The Carl Singer Foundation and the WCISM is proud to sponsor five outstanding young yeast biologists for the recent FASEB Yeast Chromosome Structure, Replication, and Segregation meeting in Steamboat Springs, USA. These five scholars were selected among hundreds of outstanding research abstracts, and were awarded with a rare opportunity to present their research findings on stage.
Being able to openly exchange ideas and share unpublished data is what is valuable for scientific researchers. At this prestigious yeast-specific meeting, three of the five CSF Scholars had the opportunity to present their work in front of a large group of audience for the first time in their young scientific career. It was a great occasion to stimulate new ideas, learn new techniques, and build new collaborations to accelerate research projects.
All of the Yeast Meeting delegates out in the sun!
Here are the five outstanding CSF Scholars and their fond memories of the conference:
Mr. Andrew Seeber at Friedrich Miescher Institute (Supervisor: Dr. Susan Gasser) for studying the interaction of MRX and RPA at stalled replication forks.
“I come from a European research group so being able to present to my United States colleagues who I would normally not encounter was certainly special.”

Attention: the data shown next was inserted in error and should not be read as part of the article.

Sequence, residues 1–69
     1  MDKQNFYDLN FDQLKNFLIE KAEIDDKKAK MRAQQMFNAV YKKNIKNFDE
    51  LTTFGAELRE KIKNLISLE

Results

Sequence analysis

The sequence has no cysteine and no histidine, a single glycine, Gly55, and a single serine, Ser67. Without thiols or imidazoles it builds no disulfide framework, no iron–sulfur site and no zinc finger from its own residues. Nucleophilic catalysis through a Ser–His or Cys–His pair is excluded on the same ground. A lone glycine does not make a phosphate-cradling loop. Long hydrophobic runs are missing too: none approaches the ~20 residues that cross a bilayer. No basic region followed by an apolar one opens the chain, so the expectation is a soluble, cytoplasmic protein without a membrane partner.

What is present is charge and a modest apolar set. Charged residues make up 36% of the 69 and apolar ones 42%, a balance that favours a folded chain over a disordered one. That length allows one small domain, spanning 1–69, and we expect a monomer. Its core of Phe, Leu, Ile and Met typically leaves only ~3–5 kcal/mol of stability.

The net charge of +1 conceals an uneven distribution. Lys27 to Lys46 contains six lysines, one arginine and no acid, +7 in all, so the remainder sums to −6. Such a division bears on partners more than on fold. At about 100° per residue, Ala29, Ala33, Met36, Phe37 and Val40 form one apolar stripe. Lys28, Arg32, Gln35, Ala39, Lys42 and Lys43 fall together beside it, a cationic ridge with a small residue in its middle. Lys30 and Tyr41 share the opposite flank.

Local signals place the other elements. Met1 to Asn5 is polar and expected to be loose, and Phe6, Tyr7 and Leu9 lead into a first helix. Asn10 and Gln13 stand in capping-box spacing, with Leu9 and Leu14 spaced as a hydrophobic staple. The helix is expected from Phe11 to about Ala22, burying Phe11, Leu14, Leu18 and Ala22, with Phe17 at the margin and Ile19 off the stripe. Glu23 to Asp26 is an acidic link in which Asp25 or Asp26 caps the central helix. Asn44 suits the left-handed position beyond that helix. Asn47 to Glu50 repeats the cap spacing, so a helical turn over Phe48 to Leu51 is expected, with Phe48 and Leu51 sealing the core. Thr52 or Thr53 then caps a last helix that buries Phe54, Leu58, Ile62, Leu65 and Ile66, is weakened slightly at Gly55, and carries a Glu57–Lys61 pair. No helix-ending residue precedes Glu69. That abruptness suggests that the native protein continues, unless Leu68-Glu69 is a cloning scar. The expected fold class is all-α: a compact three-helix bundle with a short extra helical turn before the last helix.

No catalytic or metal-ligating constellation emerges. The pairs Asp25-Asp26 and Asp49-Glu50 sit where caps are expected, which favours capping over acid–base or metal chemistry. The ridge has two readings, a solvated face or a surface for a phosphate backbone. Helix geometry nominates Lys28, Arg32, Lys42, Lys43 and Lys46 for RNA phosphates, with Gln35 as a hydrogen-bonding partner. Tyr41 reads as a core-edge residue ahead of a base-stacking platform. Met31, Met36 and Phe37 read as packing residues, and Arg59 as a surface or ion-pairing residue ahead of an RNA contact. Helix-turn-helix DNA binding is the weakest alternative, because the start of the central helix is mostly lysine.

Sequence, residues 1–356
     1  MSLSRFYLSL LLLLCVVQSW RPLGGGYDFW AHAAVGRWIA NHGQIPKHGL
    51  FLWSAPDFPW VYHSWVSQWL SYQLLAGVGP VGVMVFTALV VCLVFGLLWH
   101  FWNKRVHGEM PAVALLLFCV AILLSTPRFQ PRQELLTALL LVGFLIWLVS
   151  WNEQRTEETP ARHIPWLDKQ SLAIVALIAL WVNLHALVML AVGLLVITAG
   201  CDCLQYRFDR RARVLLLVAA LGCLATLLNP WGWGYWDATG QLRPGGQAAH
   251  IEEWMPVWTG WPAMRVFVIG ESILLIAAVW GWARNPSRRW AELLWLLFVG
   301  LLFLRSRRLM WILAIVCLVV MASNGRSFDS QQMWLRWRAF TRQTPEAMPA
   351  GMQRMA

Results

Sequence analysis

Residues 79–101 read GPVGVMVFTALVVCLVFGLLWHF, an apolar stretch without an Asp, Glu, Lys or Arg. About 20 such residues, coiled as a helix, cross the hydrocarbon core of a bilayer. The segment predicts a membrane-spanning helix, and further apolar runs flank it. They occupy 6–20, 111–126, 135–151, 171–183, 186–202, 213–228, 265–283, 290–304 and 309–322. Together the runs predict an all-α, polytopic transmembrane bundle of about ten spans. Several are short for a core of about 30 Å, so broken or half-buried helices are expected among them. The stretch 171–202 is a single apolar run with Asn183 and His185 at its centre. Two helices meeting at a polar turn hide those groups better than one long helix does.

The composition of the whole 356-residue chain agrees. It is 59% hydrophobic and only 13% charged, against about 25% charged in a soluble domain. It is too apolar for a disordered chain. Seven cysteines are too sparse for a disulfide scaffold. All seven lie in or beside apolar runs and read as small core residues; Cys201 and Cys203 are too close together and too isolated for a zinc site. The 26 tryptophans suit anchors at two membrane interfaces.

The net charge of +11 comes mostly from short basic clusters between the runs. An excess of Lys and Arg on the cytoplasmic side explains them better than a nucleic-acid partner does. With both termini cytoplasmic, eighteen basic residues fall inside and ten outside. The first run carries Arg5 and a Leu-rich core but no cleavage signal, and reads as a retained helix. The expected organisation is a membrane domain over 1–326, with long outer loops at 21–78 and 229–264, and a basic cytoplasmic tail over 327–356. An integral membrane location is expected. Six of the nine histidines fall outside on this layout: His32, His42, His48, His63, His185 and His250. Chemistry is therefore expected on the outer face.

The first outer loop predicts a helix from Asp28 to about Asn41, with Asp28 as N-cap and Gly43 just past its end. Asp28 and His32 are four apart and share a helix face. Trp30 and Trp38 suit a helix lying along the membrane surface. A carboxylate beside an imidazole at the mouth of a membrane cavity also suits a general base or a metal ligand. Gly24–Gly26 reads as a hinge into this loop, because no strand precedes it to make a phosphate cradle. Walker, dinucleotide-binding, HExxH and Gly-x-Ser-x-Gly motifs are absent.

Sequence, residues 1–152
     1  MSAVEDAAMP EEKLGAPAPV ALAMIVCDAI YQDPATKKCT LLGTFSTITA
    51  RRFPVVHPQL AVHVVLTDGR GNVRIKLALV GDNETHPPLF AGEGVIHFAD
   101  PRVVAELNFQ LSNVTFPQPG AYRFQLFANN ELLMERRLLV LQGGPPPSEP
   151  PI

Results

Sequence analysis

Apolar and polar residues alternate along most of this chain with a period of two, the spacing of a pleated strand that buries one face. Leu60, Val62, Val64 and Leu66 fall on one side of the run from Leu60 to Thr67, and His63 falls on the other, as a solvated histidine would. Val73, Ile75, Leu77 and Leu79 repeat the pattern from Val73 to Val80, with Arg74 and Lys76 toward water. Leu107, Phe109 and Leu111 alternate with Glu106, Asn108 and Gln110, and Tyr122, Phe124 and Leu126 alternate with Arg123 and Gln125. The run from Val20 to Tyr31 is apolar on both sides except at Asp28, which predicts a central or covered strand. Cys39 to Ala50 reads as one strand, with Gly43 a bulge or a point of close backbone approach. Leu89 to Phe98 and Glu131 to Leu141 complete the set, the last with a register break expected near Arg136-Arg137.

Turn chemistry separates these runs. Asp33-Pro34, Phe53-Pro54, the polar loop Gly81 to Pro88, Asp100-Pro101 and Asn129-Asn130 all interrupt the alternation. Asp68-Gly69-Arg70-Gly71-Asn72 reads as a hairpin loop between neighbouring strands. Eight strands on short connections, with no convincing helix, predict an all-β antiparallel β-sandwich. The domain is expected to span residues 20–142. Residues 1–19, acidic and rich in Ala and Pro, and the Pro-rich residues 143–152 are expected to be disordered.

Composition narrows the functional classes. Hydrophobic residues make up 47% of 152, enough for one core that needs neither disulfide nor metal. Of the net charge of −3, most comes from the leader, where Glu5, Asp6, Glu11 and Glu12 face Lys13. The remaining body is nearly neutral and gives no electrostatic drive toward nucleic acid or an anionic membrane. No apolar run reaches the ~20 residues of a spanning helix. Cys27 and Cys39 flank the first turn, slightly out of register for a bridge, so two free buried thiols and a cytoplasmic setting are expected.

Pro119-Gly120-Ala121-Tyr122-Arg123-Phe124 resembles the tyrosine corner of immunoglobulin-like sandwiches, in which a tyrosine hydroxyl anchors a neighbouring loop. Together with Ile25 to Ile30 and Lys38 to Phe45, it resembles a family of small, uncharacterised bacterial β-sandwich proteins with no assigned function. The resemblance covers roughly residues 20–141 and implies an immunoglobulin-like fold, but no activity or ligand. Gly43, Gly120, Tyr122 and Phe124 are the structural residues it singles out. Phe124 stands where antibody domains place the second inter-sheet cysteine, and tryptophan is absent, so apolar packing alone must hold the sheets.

Ms. Isabel Lam at Sloan Kettering Memorial Cancer Center (Supervisor: Dr. Scott Keeney) for examining the meiotic recombination initiation hotspots.
“[Being able to present my work in front of my peers] is certainly one of the highlights of my graduate school experience, and it encourages me to continue pursuing research.”
Mr. Yoav Viochek at Weizmann Institute (Supervisor: Dr. Naama Barkai) for profiling the cell cycle dynamics of histone modification.
“I was pleasantly surprised by the vast amount of unpublished work presented here, in contrast to other conference I had participated in.”
Ms. Simina Ticau at Massachusetts Institute of Technology (Supervisor: Dr. Stephen Bell) for studying Mcm2-7 loading on a single molecular level.
“Getting feedback and suggestions from [amazingly intelligent and creative group of scientists] has helped me move forward with my research and encouraged me to publish my data in the coming year.”
Ms. Udo Obodo at Vanderbilt University (Supervisor: Dr. Kathy Briedman) for studying the role of telomere-binding protein, Rap1p, in telomere lengthening.
“I have been blown away by the quality of talks and posters that I have observed and to be given the opportunity to present my work here is truly a blessing.”
Yeast is one of the most important model organisms for understanding biological processes in eukaryotic cells. At this FASEB meeting, new insight about DNA replication, transcription and histone modifications has been made using simple, yet powerful yeast genetics tools. The CSF is honored to be able to contribute to the success of the meeting and highlight the significance of using yeast genetics to advance human health.
“The Foundation's generosity is really terrific, as are its broader efforts to spread the word about yeast genetics.” Said Dr. Scott Keeney at Kettering Memorial Cancer Center, “I'm sure I share the feelings of many at this FASEB yeast chromosomes conference about the importance of what you are trying to do.”
Ms. Simina Ticau, CSF Scholar, enjoying an afternoon hike with other FASEB delegates!
Dr. Scott Keeney and student, CSF scholar Ms. Isabel Lam